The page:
The Development Of The 'Not Trans Enough' Mentality

A split in concrete to symbolise the split in the trans community from the 'not trans enough' mentality

As we express more and more diversity in what it means to live a trans life, the trans community is in danger of splitting apart, says Toryn Glavin


What is ‘trans enough’? This is a question which seems to be plaguing the trans community right now. We need to constantly be reminded we are trans enough, that we are valid. So why is this question arising? To understand the trans community of today’s Ireland we have to look at the trans community of the past decades and centuries, if there was such a thing. We need to look to a time when trans people faced so much more persecution than they do today, to a time when their simple existence, and their right to be happy, was questioned at every turn. To a world where trans people were considered an affront to mankind, and to God herself.

For the majority of our history we have been seen as other, so it stands to reason that we had to always try to validate ourselves. For generations we have had to fight to be who we are, and unfortunately it was survival of the fittest. Those who could not successfully pass into society’s norms were left behind. The trans woman with facial hair, the trans man with a large chest – these people were seen to be putting everyone else in the trans community at risk and they were relegated.


Origins Of ‘Not Trans Enough’

It’s important to remember that for much of this time the ‘trans community’ was simply a scattered number of individuals struggling alone. Because trans people wanted to fit in, the invalidating of some distant non-passing trans person’s identity didn’t feel like a slight that was ultimately self- destructive. Instead it felt like self-reassurance. In this we can see the genesis of ‘not trans enough’. It did not come from a place that excluded minority identities within the trans community. Instead it came from a place of self-preservation.

Part of the reason we see this issue rearing its head is down to the self-doubt and worry that inevitably comes with being trans in Ireland. The danger of being trans in public has diminished in recent years, but the stigma has not. It is still considered somewhat shameful to be trans and as a result trans people still feel the need to prove themselves. This can unfortunately lead to us erasing others to make ourselves feel better.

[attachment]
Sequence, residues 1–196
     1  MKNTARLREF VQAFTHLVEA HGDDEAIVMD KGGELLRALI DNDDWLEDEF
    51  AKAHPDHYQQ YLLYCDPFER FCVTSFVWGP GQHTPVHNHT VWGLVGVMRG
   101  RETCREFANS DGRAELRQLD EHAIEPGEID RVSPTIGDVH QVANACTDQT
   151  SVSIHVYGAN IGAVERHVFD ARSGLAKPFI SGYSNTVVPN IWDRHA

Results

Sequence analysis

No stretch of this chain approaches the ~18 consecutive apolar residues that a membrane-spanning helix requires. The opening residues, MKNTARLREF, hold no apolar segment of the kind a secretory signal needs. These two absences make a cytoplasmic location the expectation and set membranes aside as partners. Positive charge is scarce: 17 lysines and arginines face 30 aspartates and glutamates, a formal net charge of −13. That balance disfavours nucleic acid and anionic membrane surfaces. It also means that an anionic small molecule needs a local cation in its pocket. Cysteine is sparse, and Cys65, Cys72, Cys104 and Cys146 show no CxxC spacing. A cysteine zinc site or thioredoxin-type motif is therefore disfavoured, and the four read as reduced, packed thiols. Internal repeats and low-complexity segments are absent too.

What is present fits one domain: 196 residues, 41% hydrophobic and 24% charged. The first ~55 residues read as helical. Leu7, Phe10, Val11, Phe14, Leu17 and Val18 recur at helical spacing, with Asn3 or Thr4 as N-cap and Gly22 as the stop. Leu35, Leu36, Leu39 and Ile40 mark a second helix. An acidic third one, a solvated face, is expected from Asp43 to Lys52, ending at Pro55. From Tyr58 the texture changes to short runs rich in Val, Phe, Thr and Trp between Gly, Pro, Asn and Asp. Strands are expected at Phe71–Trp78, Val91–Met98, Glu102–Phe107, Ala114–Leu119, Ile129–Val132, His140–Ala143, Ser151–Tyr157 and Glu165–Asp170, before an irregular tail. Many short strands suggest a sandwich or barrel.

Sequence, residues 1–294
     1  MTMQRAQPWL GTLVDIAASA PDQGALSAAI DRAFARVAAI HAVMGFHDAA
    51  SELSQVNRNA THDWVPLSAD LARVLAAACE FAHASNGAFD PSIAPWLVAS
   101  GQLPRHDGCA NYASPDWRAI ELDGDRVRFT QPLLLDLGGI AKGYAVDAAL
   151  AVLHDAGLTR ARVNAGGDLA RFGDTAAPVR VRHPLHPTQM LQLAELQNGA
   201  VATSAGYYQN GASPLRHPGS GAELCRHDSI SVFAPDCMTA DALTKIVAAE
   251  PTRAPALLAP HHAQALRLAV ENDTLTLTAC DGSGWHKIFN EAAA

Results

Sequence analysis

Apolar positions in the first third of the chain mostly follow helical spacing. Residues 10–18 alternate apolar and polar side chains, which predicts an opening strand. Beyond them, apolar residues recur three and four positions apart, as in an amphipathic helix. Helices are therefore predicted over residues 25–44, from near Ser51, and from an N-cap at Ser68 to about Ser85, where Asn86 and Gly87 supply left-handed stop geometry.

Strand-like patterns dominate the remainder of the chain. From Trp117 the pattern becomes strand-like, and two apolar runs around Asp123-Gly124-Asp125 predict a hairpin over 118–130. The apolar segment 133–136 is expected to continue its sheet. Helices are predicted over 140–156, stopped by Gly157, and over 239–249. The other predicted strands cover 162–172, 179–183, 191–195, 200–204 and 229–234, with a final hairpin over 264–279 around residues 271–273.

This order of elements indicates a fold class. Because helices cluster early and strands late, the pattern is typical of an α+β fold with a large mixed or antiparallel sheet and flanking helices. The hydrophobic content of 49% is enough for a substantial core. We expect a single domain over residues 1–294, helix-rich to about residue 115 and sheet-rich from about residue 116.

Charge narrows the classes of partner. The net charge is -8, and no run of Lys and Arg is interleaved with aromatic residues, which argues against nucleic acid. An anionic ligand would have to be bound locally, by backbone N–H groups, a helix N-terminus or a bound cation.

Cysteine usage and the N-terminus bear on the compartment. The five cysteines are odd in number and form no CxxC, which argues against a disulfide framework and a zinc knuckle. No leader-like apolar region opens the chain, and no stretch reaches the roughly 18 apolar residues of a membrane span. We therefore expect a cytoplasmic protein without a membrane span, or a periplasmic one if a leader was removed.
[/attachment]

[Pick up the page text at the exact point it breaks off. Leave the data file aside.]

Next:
Picking On Each Other

One way which this comes back to negatively affect us is when we begin to question and pick on each other. As a straight trans girl I have a lot of assumptions and rules assigned to me within the trans community. I must be stereotypically bitchy. I have it easier because I’m binary. I must only date cis men. I must be overtly feminine. The judgements made by those within our own community can be very damaging.

I am no more or less trans because I am binary and straight. This does not automatically give me a ‘get out of jail free’ card when it comes to persecution and mental health. Just because my identity seems ‘easier’ does not give some within the trans community the right to silence me.

Assumptions may be made about me as a trans woman, but non-binary and gender non- conforming people are also judged. Attempts are made to delegitimise their identities in the name of making others more comfortable. My identity may be entirely binary but I do witness this oppression.


Trans Enough Hierarchy

There has been a worrying trend growing within the trans community towards attempting to establish a hierarchy of oppression. To suggest that there are groups within the trans community who have it easier because of who they are is absolutely wrong.

The trans community is hugely genuine and caring. We love so easily and support each other endlessly, but unfortunately at times we do get caught up in this race to be the most oppressed, and that will cause us issues and bitterness going forward.

One of my greatest wishes for the trans community is that we can unify and move forward together, fighting to ensure the lives of every single one of us improved. I think we are close to achieving this unity. Beyond this, however, we need to strive to move further and continue to remember that our similarities are abundant and they unify us. We need to join together in all our diversity and reassure every single member of
our community. We need to be mindful of those around us, not just our personal struggles.

We are all trans enough.

© 2016 GCN (Gay Community News). All rights reserved.

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